• Selling to a dealership: this is a faster and more convenient option. Dealerships appraise your car and offer an immediate purchase price, handling all the paperwork and legwork, but you will typically get a lower price than a private sale.

There are also additional approaches you could consider:

  • Online car buying services: these companies specialise in buying used cars and offer a quick, easy way to sell. However, expect a lower price than a private sale or dealership trade-in.
  • Car auctions: this can be quick, but you might get a lower price than a private sale. There are traditional in-person auctions or online formats.
  • Car removal services: these companies buy even inoperable or damaged cars. It's the fastest way to get rid of your car, but you'll receive the least amount of money.

How to make a private car sale

Selling your car privately involves taking control of the entire process. Here's a step-by-step breakdown:

  • Preparation is key: research the current market value of your car to determine a competitive asking price. Gather all the necessary paperwork, including the vehicle title, registration and service records. Give your car a thorough cleaning and address any minor cosmetic issues to make it more appealing to potential buyers looking to buy their car through a private sale.
  • Spread the word: online car-selling platforms, classifieds websites and local car enthusiast forums can be effective ways to reach potential buyers. Take high-quality photos of your car and write a detailed and honest description highlighting the car's features, mileage, condition and any recent maintenance performed.
  • Be responsive: respond promptly to enquiries and be prepared to answer questions about your car's history, condition and features. Be open to negotiation within reason but have a strong understanding of your car's market value to avoid getting lowballed.
  • Finalise the sale: once you've accepted an offer, handle the paperwork transfer according to your state or territory’s regulations. This typically involves signing the vehicle title and completing any necessary registration updates.

What are the pros and cons of selling a car privately?

Pros:

  • Potential for higher profit: selling your car privately often allows you to fetch a higher price compared to selling it to a dealer. Private buyers may be willing to pay more for a well-maintained vehicle, especially if it has desirable features or low mileage.
  • Control over the selling process: when you sell your car privately, you have full control over the selling process, including setting the price, negotiating with buyers and arranging the terms of sale. This can be empowering for those who prefer to be hands-on in the selling process.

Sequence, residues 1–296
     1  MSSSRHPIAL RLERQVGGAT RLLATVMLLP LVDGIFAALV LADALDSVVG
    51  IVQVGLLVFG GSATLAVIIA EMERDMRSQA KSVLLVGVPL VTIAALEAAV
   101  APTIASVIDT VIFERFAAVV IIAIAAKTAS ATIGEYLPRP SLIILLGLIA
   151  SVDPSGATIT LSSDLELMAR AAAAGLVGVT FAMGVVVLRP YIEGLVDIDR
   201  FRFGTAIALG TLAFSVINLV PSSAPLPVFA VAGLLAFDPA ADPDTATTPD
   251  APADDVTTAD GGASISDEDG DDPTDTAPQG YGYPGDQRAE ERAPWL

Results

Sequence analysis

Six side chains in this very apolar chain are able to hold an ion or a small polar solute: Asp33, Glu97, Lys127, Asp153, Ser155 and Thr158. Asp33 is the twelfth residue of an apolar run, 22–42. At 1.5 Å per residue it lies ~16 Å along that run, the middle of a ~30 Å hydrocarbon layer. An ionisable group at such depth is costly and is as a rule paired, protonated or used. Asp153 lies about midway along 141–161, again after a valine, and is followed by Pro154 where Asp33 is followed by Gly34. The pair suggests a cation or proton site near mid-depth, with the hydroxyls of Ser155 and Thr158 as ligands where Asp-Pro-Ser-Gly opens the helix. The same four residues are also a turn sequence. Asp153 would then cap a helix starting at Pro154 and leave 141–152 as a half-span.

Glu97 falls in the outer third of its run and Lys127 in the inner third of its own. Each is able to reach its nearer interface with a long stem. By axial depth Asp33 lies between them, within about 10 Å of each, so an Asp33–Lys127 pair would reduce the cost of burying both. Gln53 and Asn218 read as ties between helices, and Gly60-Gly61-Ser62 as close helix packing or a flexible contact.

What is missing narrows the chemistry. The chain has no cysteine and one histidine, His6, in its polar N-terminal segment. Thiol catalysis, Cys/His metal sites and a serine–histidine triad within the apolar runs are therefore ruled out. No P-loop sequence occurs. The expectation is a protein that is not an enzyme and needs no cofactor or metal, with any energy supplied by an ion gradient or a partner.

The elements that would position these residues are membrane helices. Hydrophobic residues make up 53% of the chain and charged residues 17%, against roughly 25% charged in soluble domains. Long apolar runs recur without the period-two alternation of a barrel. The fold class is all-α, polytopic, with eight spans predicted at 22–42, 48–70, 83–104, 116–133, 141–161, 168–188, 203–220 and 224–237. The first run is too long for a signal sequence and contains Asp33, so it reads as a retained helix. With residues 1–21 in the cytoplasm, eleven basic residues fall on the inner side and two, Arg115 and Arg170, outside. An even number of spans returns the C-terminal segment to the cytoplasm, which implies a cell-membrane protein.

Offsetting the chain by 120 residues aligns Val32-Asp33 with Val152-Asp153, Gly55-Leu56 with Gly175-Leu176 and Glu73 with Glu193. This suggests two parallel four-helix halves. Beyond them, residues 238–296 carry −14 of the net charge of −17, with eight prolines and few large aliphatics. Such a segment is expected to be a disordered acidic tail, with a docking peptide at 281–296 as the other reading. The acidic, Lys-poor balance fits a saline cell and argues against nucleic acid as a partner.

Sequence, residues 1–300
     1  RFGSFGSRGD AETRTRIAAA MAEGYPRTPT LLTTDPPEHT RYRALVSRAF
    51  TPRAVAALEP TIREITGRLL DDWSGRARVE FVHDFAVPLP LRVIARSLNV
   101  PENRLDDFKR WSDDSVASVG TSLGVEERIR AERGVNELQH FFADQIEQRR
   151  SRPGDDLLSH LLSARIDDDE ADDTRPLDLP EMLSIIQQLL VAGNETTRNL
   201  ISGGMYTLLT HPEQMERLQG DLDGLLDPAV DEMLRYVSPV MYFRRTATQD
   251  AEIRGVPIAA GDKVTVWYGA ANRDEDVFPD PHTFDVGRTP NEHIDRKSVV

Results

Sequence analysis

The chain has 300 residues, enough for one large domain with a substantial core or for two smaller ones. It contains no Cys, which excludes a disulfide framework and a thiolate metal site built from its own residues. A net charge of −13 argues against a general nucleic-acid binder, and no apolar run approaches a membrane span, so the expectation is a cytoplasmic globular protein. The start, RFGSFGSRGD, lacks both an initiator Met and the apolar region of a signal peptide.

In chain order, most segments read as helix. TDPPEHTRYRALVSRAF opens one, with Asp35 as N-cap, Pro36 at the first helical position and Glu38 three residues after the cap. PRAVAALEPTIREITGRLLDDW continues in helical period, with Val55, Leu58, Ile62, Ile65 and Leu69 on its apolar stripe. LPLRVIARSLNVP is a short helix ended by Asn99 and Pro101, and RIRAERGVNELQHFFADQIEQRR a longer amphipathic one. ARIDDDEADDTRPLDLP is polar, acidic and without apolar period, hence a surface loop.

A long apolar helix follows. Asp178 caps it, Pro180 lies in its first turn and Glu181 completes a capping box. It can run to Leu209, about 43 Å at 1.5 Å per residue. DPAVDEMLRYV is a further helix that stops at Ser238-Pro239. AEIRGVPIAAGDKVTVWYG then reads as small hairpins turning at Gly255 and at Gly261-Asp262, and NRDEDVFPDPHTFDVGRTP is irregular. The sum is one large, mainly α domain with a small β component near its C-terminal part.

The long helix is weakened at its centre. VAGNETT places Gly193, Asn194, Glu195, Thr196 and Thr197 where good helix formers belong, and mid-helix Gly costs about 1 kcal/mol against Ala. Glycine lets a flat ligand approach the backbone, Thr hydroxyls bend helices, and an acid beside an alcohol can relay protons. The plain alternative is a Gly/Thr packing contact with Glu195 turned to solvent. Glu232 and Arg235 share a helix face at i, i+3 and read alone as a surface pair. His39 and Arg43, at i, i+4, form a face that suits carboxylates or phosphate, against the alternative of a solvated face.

• No middleman fees: unlike selling to a dealer, there are typically no middleman fees involved when selling your car privately. This means you get to keep the entire sale amount without having to pay commissions or fees to a dealership.

Cons:

  • Time and effort: selling a car privately can be time-consuming and requires effort on your part. You'll need to advertise the car, respond to inquiries from potential buyers, schedule viewings and test drives, and handle negotiations and paperwork.
  • Limited market reach: your pool of potential buyers is limited to individuals in your local area or those who come across your listing online. This can result in a longer time to sell if there's low demand for your specific make and model.
  • Risk of scams and fraud: dealing with private buyers carries a risk of encountering scams or fraudulent transactions. You need to be cautious when communicating with potential buyers and ensure that payment is secure before transferring ownership of the car.

How to sell your car to a dealer

  • Get an appraisal: contact local dealerships or visit them in person to request an appraisal of your car. The dealer will inspect your car to assess its value based on factors such as its make, model, mileage, condition and market demand.
  • Get a trade-in offer: if you're purchasing a new car from the dealership, they may offer you a trade-in value for your current vehicle. This involves deducting the appraised value of your car from the purchase price of the new vehicle, potentially saving you money on the overall transaction.
  • Negotiation: while negotiation is typically less flexible when selling to a dealership compared to private buyers, you might have some room for discussion, especially if you're also considering buying a new car from them.
  • Finalise the deal: after reaching an agreement, complete the transaction by transferring ownership of your car to the dealership. Provide them with the keys, documentation and any additional items included with the sale.

What are the pros and cons of going to a dealership?

Pros:

  • Convenience and speed: selling your car to a dealer is often a quicker and more convenient option compared to selling privately. Dealerships have streamlined processes for purchasing cars and can provide an immediate offer without the need for advertising or negotiations.